His benefactor, King Ludwig, asked him to write his autobiography. He did that via dictating it to Cosima over a 15-year period. People point out that the biography suppresses information about his relationship with and feelings for various woman before Cosima. Duh! Call that lying if you want—and ignoring the the natural fact that it is hard to reconstruct long-ago emotions— but I am sure he was showing Cosima as much sensitivity as he could and, really, should have done. Others would ferret out the truth in biographies; it really wasn’t necessary for Wagner to do that.
He also does not accurately depict in his autobiography the extent of his involvement with the revolutionary movement of 1949. Some of this is probably not intentional lying, but the natural weakness of memory reconstruction, colored by subsequent evolution of thought. That said, since the autobiography was being written for his benefactor who was, no doubt, not a big fan of revolutionaries, I suspect that came in play, too. Beyond those two large areas, critics point to various biographical bits, all laughingly minor, to show that he was wrong about this or that incident. For example, much is made of this memory:
...of another miracle—which also came to us from Dresden—suddenly gave a new direction to my artistic feelings and exercised a decisive influence over my whole life. This consisted of a special performance given by Wilhelmine Schroder-Devrient, who at that time was at the zenith of her artistic career, young, beautiful, and ardent, and whose like I have never again seen on the stage. She made her appearance in Fidelio.2
Turns out the truth was that he saw her in a different opera. Liar, Wagner! Caught!
I mean, seriously, this is the sort of stuff that is used to show he “lied” in his autobiography, and there isn’t even much of this sort of stuff. The fact is that the memoir was a reconstruction of his memory coming many decades after the event. In many cases he had notes to help him reconstruct his memory, but not for an early memory such as the one above. (He was 16 at the time.) Memory science has clearly proven that there is no such thing as accurate recall, but instead all memory is a reconstruction and a confabulation. (If you aren’t up on current memory science, here is a good summary.) The point is, minor memory discrepancies are to be expected and should not be classified as lies unless there is evidence of intentional deception, which is not the case of most of these sort of small Wagner's biographical inaccuracies.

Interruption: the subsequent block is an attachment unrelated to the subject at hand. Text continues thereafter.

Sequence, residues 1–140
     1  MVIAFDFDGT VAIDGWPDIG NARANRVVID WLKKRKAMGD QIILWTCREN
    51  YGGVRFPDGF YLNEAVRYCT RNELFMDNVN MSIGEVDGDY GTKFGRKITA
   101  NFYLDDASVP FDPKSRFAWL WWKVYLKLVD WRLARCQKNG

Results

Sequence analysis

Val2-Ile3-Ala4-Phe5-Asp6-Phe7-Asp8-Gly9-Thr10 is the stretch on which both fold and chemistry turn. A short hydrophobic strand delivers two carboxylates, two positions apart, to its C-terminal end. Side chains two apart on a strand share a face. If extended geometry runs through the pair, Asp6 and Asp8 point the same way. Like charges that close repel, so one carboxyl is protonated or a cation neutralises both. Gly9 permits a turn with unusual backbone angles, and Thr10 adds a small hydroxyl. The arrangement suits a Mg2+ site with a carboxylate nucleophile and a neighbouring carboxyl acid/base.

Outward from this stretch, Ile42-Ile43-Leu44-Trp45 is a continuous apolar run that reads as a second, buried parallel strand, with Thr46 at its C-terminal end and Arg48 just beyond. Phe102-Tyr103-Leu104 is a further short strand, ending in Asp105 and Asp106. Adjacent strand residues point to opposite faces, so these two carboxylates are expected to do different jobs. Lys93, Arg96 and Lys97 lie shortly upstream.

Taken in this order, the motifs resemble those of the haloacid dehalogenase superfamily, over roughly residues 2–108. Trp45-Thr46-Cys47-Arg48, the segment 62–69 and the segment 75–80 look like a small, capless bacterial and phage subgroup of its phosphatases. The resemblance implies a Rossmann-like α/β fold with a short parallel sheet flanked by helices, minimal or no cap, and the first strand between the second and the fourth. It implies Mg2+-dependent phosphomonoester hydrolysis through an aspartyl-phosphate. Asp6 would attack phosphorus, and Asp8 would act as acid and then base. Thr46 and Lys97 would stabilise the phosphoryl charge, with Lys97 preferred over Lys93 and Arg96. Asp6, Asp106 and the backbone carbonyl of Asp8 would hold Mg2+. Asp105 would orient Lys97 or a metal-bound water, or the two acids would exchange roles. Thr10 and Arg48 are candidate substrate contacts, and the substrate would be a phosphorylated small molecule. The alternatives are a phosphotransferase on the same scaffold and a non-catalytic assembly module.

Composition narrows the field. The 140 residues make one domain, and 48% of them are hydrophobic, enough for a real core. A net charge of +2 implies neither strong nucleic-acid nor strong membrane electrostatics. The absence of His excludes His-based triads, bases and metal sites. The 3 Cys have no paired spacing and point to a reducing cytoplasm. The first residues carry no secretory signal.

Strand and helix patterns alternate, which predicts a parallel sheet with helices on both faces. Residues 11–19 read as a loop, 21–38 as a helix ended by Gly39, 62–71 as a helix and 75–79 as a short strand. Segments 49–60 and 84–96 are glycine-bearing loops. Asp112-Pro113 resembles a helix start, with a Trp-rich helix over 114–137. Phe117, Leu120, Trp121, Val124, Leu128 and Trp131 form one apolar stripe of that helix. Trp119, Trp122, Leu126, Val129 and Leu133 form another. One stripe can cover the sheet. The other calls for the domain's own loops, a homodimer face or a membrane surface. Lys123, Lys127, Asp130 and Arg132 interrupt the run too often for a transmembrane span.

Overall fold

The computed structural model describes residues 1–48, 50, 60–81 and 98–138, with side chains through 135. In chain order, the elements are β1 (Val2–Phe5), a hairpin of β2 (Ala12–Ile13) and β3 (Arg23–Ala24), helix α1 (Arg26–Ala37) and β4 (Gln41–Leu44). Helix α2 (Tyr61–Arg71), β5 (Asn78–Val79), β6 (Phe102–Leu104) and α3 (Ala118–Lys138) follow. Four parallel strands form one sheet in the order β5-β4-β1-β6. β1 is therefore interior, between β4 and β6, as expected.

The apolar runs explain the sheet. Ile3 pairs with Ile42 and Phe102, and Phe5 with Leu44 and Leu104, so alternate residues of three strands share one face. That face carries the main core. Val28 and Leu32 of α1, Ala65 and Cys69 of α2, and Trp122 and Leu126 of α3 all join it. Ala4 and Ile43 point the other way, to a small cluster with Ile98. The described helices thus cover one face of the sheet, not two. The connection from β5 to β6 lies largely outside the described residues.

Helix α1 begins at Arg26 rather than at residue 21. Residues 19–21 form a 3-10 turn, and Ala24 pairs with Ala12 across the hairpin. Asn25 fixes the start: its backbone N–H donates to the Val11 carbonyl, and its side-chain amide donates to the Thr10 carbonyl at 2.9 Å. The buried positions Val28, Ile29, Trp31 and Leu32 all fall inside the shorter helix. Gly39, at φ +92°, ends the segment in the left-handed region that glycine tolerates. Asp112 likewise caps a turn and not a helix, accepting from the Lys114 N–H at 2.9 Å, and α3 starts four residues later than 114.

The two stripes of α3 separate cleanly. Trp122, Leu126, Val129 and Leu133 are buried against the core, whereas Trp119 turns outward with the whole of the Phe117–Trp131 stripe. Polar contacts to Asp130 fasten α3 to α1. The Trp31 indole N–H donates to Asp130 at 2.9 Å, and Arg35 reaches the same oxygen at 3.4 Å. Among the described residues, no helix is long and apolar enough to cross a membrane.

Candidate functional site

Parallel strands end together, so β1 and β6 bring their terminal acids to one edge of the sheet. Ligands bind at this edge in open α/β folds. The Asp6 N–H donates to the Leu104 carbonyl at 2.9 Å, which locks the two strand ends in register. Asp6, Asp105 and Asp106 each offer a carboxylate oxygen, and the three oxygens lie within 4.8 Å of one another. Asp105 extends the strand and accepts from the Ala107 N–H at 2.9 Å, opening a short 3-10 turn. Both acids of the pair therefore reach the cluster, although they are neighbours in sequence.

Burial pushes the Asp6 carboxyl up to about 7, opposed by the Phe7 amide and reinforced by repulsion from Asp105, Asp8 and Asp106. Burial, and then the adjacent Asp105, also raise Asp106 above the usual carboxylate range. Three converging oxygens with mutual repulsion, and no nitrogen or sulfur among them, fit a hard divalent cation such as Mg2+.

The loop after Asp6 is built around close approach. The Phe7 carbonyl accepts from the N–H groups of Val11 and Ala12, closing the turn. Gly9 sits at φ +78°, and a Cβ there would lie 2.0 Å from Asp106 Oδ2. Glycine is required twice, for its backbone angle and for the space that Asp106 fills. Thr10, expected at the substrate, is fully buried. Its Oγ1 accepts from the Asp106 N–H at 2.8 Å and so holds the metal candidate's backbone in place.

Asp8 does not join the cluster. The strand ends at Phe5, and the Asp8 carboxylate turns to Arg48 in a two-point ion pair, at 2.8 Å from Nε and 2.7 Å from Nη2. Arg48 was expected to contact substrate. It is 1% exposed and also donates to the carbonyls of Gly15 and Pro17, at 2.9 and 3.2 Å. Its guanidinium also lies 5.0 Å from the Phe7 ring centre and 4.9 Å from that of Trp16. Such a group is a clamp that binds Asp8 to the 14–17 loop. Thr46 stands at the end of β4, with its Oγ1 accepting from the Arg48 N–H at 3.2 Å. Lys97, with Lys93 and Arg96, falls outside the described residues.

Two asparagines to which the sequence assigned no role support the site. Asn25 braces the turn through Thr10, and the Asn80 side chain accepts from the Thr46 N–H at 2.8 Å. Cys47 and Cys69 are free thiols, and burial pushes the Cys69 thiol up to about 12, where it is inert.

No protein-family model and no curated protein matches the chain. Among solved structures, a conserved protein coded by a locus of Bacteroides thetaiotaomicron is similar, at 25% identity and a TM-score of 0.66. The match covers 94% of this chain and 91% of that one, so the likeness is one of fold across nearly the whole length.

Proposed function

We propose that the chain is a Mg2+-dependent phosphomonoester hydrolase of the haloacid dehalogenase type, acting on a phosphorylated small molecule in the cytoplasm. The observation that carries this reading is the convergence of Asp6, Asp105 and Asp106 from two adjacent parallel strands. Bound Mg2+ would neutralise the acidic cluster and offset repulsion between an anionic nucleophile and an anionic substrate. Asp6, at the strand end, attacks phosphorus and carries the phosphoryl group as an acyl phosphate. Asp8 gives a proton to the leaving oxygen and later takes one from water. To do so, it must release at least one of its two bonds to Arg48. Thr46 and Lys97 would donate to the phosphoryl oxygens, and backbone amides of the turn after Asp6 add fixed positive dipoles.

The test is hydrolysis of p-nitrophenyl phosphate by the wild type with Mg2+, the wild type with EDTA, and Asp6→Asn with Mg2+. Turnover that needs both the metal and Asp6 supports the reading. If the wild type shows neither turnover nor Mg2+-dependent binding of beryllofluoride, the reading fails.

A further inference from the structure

The other big lie he is known for is hiding the truth about his relationship with Cosima for a number of years. He certainly did this, for all the usual reasons one hides an affair. So, I will grant you that he could tell a big lie when he felt it necessary.
Look, it just seems to me to tag someone a “liar,” it should be a person who lies consistently and with destructive intent, like a con man. Certainly, Wagner lied, but in seemingly very human and normal ways. I am not saying that in a biography on him this isn’t a fair area of exploration and censure. But what I am saying is that it doesn’t belong in an opening paragraph of a thumbnail biography, as is so often the case.
1Magee, Tristan Chord, page 93
2Wagner, Richard, My Life, page 24